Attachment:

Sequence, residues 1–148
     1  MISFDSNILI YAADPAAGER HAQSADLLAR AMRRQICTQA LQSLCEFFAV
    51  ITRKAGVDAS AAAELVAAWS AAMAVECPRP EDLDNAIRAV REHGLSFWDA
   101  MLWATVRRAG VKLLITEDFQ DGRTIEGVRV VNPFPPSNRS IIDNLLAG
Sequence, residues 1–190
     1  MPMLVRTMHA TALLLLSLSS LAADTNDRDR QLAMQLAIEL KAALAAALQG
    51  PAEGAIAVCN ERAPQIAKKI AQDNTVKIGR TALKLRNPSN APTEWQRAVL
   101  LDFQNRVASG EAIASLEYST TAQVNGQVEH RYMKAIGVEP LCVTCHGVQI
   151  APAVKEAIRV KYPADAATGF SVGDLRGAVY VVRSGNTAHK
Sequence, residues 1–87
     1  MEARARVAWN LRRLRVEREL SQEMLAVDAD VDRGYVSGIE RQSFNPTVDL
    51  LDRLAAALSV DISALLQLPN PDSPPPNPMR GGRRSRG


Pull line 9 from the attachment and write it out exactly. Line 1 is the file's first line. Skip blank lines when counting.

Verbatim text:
   151  APAVKEAIRV KYPADAATGF SVGDLRGAVY VVRSGNTAHK